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Matt Charboneau and Bob Wojnowski of The Detroit News talk about Michigan State playing at Little Caesars Arena on Friday, and facing No. 14 seed Bucknell. The Detroit News

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East Lansing — There’s a reason the NCAA Tournament is referred to by the phrase March Madness.

Michigan State understands that as well as any team. It was just two years ago, as the favorite to win the national championship, that the Spartans didn’t make it out of their first game. That day in St. Louis, Michigan State became the eighth 2-seed to get eliminated by a 15-seed when Middle Tennessee State pulled off the 90-81 upset.

The Blue Raiders made 11 of 19 3-pointers to send the shell-shocked Spartans packing.

It was a moment few programs have been able to avoid. Duke. Arizona. Syracuse. Kansas. North Carolina. Indiana — all are among the teams that have lost first-round games as a 2- or 3-seed.

Which brings Michigan State to Friday’s matchup with Bucknell at Little Caesars Arena. The Spartans are seeded No. 3 in the Midwest Region with the Bison at No. 14. It’s the first time Michigan State has had to face down the demons from the Middle Tennessee loss after entering last season’s tournament as a 9-seed.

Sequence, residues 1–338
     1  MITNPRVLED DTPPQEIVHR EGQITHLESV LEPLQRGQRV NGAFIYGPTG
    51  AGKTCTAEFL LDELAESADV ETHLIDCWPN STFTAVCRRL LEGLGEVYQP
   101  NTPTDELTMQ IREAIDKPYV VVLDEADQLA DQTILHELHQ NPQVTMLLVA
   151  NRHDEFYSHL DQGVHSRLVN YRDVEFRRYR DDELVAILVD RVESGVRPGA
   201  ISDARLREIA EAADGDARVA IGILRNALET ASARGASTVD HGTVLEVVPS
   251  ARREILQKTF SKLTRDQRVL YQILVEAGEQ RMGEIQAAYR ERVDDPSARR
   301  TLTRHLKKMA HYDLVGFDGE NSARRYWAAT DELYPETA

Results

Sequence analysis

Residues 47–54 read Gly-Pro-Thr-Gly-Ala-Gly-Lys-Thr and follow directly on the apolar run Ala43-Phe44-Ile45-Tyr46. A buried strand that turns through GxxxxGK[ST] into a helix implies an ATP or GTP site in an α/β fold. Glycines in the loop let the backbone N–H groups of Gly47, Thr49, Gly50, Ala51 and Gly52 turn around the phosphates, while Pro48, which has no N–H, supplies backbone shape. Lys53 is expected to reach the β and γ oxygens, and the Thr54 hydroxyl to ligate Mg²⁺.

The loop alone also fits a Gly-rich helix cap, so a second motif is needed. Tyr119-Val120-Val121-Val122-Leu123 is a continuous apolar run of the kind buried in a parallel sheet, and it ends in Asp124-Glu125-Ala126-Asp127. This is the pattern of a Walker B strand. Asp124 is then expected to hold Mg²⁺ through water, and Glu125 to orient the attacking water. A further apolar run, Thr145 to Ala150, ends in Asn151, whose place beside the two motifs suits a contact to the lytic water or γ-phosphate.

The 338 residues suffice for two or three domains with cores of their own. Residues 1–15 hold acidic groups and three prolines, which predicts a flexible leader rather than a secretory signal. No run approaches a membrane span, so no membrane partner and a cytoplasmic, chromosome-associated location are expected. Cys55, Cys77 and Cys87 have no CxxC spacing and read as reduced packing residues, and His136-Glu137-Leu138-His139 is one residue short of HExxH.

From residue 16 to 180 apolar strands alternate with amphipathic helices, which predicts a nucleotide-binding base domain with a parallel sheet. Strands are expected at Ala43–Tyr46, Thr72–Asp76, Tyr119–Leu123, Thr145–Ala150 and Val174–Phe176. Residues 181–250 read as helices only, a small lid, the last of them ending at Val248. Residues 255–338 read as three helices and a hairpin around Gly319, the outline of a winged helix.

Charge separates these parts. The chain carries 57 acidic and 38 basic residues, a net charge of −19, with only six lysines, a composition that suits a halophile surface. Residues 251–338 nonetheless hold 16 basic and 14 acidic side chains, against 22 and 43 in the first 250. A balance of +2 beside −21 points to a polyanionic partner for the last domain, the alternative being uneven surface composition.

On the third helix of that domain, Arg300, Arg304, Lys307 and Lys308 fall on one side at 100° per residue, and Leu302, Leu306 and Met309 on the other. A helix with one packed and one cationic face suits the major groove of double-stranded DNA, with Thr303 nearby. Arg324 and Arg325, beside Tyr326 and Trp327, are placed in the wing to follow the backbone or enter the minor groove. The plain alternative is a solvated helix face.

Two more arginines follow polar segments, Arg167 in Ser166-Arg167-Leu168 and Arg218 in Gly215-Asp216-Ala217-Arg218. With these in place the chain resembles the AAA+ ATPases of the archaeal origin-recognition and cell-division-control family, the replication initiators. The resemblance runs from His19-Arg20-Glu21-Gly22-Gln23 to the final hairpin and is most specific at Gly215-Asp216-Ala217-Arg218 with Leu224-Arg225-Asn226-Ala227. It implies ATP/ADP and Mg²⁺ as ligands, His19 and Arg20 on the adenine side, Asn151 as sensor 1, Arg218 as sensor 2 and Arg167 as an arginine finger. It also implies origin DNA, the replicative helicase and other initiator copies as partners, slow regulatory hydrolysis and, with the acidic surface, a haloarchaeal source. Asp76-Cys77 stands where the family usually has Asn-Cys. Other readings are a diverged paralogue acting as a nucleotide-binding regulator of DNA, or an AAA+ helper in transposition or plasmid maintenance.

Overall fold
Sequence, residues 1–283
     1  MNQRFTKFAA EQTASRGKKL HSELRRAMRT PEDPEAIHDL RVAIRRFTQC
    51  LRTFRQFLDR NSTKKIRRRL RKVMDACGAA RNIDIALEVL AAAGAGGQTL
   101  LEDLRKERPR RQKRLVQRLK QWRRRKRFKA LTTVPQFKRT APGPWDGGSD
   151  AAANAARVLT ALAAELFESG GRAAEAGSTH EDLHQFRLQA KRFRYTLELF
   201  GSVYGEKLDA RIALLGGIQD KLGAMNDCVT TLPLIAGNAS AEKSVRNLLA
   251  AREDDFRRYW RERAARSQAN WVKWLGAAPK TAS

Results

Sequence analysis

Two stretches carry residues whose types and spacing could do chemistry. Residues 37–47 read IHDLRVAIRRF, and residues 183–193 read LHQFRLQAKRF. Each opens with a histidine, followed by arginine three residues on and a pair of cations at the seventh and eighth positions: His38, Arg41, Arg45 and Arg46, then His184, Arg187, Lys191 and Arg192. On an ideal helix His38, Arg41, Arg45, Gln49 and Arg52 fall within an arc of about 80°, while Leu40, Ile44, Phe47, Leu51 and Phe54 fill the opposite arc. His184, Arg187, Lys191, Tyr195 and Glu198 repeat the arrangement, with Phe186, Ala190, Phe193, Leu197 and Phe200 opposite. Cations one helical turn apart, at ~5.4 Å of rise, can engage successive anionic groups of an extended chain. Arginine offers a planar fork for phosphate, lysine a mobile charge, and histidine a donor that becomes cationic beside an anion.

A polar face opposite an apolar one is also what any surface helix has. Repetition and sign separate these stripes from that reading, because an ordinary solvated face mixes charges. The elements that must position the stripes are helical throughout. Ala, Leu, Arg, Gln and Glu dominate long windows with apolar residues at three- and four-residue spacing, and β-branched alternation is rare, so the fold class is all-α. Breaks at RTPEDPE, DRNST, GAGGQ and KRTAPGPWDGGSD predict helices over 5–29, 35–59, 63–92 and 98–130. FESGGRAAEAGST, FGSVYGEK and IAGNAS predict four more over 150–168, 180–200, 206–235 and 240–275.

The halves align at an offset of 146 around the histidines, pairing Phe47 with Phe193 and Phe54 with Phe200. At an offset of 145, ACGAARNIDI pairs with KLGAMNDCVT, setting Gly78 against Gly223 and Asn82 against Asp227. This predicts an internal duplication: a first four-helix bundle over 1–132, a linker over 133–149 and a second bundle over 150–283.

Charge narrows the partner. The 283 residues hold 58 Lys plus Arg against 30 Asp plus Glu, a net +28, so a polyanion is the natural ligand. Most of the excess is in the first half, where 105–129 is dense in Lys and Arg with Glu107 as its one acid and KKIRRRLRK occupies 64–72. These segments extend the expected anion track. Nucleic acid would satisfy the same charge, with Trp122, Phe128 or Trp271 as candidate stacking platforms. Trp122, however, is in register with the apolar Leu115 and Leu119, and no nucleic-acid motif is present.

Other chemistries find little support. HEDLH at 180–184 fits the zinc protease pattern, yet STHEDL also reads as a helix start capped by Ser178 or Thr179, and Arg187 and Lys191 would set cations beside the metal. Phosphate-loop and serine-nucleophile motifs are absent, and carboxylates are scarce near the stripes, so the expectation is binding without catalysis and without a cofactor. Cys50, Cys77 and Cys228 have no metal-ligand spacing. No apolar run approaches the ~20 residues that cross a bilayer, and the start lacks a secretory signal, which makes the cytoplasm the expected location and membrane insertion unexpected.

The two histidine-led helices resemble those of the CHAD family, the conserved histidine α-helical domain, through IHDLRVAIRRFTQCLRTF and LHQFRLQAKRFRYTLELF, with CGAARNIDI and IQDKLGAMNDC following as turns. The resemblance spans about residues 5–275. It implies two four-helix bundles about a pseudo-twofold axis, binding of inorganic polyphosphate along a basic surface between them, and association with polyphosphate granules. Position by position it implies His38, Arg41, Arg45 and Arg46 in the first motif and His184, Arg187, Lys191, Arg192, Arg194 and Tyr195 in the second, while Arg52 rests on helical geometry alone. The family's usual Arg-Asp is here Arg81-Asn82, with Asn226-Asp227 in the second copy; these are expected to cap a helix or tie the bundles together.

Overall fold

More: Michigan State open practice at LCA is Thursday at 3:25 p.m.

So, instead of trying to act like it didn’t happen, the Spartans feel like they’re doing their best to hold that game up not so much of what not to do, but more of an example of the fact there are no certainties this time of year.

“Nothing is guaranteed,” sophomore Cassius Winston said. “Every game, anything can happen. We just have to come in and control everything that we can control.”

That might be easy to say for Winston. He was a high school senior when Michigan State lost that game two years ago, watching from home as the Denzel Valentine-led Spartans were stunned.

That’s not the case for three current Spartans. Seniors Lourawls "Tum Tum" Nairn and Gavin Schilling played significant minutes against Middle Tennessee while junior Kenny Goins played four minutes but reaggravated a knee injury in the first half.

All three have made sure to impart their own sort of wisdom since the bracket was announced on Sunday night, revealing the matchup against the Patriot League champions that have lost just once in the last 23 games.

“(Middle Tennessee) made so many shots in that game,” Nairn said. “I tell these guys that we’ve got to control what we can control. We can’t control the other team making shots but we can control how hard we play, how hard we defend, how well we follow the scouting report. If we make an error and they get a wide-open three because we’re not following the scouting report that’s different than if we follow everything we’re supposed to do in the game and they make a shot over you. If they make it you can’t control that so you want to control what you can control.”